David Hoffman, author of  a  forthcoming  book *The Oklahoma City
Bombing and the Politics of Terror*, offers the following preview
of his work-in-progress.  Hoffman says his book will be published
by Feral House, probably in late  1997.   Hoffman  publishes  the
Haight  Ashbury Free Press, and has temporarily moved to Oklahoma
City to work on this book.
                 "The Manchurian Candidate"
In order to fulfill  his  military  obligation, McVeigh signed on
with the Army National Guard in Buffalo, where he landed a job as
a security guard with Burns International Security.  McVeigh  was
assigned  to  the  night  shift,  guarding the grounds of Calspan
Research, a defense contractor  that conducts classified research
in advanced aerospace rocketry and electronic warfare.
In a manner mirroring his conduct in the service, McVeigh  became
the  consummate  security  guard.  Calspan spokesman Al Salandra,
told  reporters  that  McVeigh   was  "a  model  employee."   Yet
according to media accounts, McVeigh had lost his confidence, and
his cool.
"Timmy  was  a  good  guard,"  said former Burns supervisor Linda
Haner-Mele.  He was "always  there  prompt,  clean and neat.  His
only quirk," according to Mele, "was that he couldn't  deal  with
people.   If  someone  didn't  cooperate with him, he would start
yelling at them, become verbally aggressive.  He could be set off
According to an article in  the  Washington Post, co-workers at a
Niagara Falls convention center where he was  assigned  described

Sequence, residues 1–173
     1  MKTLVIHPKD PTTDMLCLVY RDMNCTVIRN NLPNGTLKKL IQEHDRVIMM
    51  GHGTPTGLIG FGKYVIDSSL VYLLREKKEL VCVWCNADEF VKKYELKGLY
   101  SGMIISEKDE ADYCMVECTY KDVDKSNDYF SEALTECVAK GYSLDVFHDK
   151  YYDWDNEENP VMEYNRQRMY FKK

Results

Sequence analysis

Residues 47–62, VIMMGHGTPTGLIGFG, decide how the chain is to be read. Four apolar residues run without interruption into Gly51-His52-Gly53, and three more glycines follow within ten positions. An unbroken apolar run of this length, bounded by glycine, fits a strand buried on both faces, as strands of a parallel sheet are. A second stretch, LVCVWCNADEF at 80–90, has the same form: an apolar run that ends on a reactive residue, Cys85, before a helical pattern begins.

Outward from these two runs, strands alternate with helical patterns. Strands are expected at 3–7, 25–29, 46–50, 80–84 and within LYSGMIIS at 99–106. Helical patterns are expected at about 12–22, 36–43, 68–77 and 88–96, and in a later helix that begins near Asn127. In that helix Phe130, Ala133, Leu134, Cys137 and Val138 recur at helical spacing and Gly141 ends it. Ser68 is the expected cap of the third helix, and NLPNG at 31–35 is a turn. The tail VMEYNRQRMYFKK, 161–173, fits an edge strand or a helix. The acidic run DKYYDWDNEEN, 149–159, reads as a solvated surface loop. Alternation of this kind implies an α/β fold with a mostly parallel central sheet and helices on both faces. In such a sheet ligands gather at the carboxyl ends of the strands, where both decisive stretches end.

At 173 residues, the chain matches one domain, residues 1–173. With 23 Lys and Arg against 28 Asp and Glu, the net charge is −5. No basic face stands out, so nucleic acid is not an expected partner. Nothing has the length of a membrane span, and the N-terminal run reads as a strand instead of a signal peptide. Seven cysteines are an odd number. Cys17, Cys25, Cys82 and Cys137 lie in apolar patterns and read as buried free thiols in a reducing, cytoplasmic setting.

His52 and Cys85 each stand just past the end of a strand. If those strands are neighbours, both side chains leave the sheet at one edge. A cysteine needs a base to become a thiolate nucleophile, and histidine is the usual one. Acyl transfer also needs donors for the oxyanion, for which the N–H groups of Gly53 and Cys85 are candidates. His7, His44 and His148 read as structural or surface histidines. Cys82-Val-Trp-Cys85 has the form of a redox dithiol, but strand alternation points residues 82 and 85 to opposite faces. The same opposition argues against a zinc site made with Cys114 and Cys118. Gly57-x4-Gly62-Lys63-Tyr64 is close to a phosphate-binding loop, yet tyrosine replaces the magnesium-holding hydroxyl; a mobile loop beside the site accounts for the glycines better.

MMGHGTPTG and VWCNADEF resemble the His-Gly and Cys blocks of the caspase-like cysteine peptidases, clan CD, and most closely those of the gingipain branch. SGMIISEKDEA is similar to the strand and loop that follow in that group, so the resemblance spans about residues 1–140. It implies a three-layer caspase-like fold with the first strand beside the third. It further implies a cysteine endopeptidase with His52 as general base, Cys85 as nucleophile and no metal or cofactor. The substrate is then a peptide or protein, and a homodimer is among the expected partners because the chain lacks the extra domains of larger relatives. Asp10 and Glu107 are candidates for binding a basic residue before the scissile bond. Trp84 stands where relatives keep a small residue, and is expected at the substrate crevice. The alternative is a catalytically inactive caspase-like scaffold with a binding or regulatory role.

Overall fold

him  as  "emotionally  spent,  veering from passivity to volcanic
anger."  An old friend  said  he  looked "like things were really
weighing on him."
"Timmy just wasn't the type of person who could initiate action,"
said Lynda Haner-Mele formerly of Burns Security,  where  McVeigh
worked  in early 1992.  "He was very good if you said, 'Tim watch
this door-don't let anyone through.' The Tim I knew couldn't have
masterminded something like this and  carried it out himself.  It
would have had to have been someone who said:  'Tim, this is what
you do.  You drive the truck"
Mele's  account  directly  contradicts  the testimony of Sergeant
Chris Barner [and] former Private Ray Jimboy, both of whom served
with McVeigh  at  Fort  Riley,  and  claimed  that  McVeigh was a
natural leader.  This also contradicts McVeigh's service  record,
which  rated  him "among the best" in leadership potential and an
"inspiration to young  soldiers."   "He  had  a lot of leadership
ability inside himself," said Barner.  "He  had  a  lot  of  self
Apparently,  "Something  happened to Tim McVeigh between the time
he left the Army and now," said Captain Terry Guild.
"He  didn't  really  carry  himself  like  he  came  out  of  the
military," said Mele.  "He  didn't  stand tall with his shoulders